There’s nothing wrong with school, just like there’s nothing wrong with a corporate job. If you want your kids to get into a good college and then get a good day job, by all means, send them to school. I once had a friend, an army veteran, who told me that she wanted others to think for her and tell her what to do. Over time, I realized that many people prefer the same, and it doesn’t feel senseless to me anymore. There’s nothing wrong with following someone else’s decisions and orders, with being part of a group under the leadership of a manager. It can provide a stable life with more or less predictable rewards dispensed by the manager, such as promotions and raises. Not having to worry, think, and make decisions certainly results in a better night sleep.

However, there is another kind of life. Just like us, you may want your kids to have a vision, to learn to think for themselves, make their own decisions, and shape their own lives. You may want your kids to be able to find and follow their own paths, to lead rather than to follow, and to swim against the current (not merely for rebellion’s sake, but if it’s necessary to uphold their principles and follow their vision). This is a life of entrepreneurship, independence, and self-sufficiency.

Contrast between school and entrepreneurial life

In school, kids answer questions posed by a teacher. They solve problems presented to them in a test. They strive for goals set in front of them by the school system. They compete against each other. Everything, down to their daily routines, is predictable. There are always right and wrong answers. If students answer a question or solve a problem or achieve a goal, they get a certain and guaranteed reward. If they fail, they get punished and discouraged from probing the same approach again.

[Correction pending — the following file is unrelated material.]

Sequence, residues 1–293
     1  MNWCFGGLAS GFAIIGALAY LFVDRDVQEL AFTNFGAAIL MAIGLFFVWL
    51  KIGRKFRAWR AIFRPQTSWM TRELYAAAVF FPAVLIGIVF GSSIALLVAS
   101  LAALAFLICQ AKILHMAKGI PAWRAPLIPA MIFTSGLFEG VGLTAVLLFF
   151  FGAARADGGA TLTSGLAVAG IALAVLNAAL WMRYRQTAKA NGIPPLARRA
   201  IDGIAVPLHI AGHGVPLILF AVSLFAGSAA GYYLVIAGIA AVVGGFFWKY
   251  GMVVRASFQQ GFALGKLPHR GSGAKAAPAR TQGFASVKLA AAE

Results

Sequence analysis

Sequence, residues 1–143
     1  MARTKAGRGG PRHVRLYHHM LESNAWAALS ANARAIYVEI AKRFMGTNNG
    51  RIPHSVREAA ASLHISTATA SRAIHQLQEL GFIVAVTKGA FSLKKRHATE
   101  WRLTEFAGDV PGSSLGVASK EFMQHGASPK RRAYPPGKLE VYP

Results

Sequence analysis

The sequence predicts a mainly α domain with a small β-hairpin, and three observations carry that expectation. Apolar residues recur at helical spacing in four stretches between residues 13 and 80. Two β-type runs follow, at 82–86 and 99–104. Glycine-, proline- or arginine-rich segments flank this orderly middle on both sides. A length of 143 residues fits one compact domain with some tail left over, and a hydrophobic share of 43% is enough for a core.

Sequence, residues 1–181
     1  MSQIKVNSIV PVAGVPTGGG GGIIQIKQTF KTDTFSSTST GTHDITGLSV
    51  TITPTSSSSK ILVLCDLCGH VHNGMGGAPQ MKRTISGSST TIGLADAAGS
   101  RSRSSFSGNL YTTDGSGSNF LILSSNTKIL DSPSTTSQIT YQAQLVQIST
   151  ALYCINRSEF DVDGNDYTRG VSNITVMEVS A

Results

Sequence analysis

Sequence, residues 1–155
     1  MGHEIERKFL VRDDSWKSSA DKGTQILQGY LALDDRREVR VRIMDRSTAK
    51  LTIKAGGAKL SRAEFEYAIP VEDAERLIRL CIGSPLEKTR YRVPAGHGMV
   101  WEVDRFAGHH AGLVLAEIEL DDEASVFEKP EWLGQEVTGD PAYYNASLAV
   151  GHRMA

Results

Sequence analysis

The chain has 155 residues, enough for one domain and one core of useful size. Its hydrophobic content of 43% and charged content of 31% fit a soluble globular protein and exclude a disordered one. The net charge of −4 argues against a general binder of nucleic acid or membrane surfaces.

Entrepreneurship requires individual competence and independent thinking. In entrepreneurial life, no one tells you what to do. You don’t learn things by textbook, and no such textbook exists that can teach you. You are not supervised by teachers or by company managers. You have to set your own goals and invent your own ways to achieve those goals. You have to solve problems that no one sets in front of you and no one even knows exist. You have to answer questions no one has answered or even asked before. More importantly, you have to find your own questions to answer. You have to think outside the box. Often, there’s no right and wrong answer, and you have to probe your way through experimentation and discovery, by trial and error. You must learn to fail and deal with the consequences of your failure. You must train yourself to rise up from failure and try again. You have to develop solid judgement and a sense of responsibility. You must condition yourself to take initiative. You have to develop a vision and be able to lead other people towards that vision. You have to go out and see the world and figure out a way to make yourself useful. You have to learn that your life is not as much a competition with others as it is a competition with yourself. You overcome yourself and work on achieving better results than you had before. School, even the best one, teaches nothing of that.

Entrepreneurial life is full of surprises and unpredictabilities. It’s a life where nothing is guaranteed, where rewards are not dispensed regularly and are much harder to get. But rewards can be great, with the best reward being an empowering sense of pride that stems from the ability to claim ownership of your life, of your achievements, and of your decisions.

Unschooling is more helpful than schooling to get started as an entrepreneur